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Blogging “Platisher” Medium Improves Quality of Internet Experiences
Jun04

Blogging “Platisher” Medium Improves Quality of Internet Experiences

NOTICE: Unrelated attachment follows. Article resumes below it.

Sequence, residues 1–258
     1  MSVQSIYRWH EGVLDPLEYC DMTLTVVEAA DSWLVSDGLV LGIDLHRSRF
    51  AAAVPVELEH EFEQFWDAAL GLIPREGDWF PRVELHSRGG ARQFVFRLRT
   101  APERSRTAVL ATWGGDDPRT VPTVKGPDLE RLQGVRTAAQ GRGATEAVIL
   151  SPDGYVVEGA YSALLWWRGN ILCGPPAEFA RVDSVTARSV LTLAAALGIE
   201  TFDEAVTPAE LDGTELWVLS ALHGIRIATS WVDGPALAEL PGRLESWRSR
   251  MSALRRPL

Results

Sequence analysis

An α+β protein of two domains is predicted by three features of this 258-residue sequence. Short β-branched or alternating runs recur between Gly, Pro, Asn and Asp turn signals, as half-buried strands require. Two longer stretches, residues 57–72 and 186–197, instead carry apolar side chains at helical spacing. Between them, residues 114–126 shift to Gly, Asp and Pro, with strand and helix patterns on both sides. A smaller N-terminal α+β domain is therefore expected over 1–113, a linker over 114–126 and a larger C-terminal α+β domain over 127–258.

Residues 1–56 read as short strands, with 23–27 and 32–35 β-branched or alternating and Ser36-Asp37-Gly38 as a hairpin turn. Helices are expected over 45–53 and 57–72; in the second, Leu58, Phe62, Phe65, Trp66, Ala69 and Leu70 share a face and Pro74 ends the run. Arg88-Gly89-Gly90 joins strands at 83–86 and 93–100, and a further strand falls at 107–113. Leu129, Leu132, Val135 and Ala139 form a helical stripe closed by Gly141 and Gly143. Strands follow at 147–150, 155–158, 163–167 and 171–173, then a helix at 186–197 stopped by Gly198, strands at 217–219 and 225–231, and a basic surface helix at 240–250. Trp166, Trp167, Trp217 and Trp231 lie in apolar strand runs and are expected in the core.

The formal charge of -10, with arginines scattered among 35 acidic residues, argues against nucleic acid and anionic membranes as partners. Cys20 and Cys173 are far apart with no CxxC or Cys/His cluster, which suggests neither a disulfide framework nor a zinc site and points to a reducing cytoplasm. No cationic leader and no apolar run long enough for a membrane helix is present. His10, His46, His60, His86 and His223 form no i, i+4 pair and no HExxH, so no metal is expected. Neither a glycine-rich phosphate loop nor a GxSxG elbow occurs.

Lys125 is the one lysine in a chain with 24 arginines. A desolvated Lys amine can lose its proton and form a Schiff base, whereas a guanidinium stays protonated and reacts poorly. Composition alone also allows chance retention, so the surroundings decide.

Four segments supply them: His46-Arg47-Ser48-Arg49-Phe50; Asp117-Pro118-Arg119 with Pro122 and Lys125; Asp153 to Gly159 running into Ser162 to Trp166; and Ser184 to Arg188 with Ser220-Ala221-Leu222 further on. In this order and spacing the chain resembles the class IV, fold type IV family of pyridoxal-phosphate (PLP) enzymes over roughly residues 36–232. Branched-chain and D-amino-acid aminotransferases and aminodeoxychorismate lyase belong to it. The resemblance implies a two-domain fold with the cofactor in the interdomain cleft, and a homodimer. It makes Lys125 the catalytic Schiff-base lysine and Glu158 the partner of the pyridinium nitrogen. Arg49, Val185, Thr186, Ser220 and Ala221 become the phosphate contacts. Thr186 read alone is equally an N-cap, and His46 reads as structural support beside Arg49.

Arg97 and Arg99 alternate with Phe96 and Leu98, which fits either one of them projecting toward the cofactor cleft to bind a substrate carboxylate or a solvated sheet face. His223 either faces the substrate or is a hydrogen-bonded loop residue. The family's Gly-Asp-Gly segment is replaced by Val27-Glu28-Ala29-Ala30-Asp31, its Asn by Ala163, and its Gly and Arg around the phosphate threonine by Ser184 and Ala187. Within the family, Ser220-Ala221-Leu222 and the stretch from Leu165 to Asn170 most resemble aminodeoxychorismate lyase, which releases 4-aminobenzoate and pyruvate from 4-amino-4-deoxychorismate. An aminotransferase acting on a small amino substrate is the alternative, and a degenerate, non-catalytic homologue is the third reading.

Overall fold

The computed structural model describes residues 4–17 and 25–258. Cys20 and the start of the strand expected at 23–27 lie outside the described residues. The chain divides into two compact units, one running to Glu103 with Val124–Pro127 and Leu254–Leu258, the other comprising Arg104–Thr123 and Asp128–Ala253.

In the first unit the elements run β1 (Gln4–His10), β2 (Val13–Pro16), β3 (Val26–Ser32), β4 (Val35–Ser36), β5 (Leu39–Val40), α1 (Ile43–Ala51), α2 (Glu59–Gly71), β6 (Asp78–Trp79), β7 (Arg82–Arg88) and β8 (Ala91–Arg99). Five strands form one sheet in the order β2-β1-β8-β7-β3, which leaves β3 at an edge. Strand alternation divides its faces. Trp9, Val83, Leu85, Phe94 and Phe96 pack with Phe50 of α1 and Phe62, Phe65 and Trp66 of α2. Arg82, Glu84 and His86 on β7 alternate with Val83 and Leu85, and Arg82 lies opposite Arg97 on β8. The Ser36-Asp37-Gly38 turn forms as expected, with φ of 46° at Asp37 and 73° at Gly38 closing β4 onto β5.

Evan Williams, former chief executive of Twitter and the creator of Google’s Blogger, has created a blogging platisher–a new technological hybrid where sites are both platforms and publishers–entitled Medium, which has not only enamored writers all across the Internet, but may also be poised to become one of the web’s next big mainstays. “We want to create a system where the best ideas and stories reach their widest audience,” said Williams. “Some of those are going to come from professionals, but it is better as a whole if it has very wide breadth of content. Right now, the Internet rewards speed and quantity, and we wanted to make a place where quality matters.” Which is why in 2012, he built Medium, a pleasant blog site that lets users write and read. An online magazine, of sorts. Anyone can contribute on just about any topic. Even some notable thought-leaders have begun publishing with medium, including CEO of both SpaceX and Tesla Motors Elon Musk, the biographer Walter Isaacson, and former Gawker.com editor Emily Gould. Although blogging is still a highly successful way of drawing new traffic, with approximately 80% of daily visits coming from new visitors, the tools to craft quality content were getting a bit stale. Williams himself helped build them about a decade ago, and is now ready to innovate the field again. “It feels like these blogging tools haven’t really evolved in a decade,” said Williams. “When I looked at that, I thought, ‘Do I really want to get into this again? Am I just stuck in a rut?’ I did some investing and incubating, but came back around to this as what I wanted to do.” Essentially, Medium is meant to make the Internet a more enjoyable place, helping people to sift the best content from the torrent of media that’s published online everyday. “I read some news, and I think everyone should read some news, but I think we consume news out of habit, and we consume news because our brains are wired to want to know what has changed in the world,” Williams said. “There’s more media than we’ll ever be able to consume, so how do you decide what that is? There’s all these great ideas and philosophies that have been written, reported and shared, and news about some distant and foreign event — in the vast majority of cases — can’t be more important.”...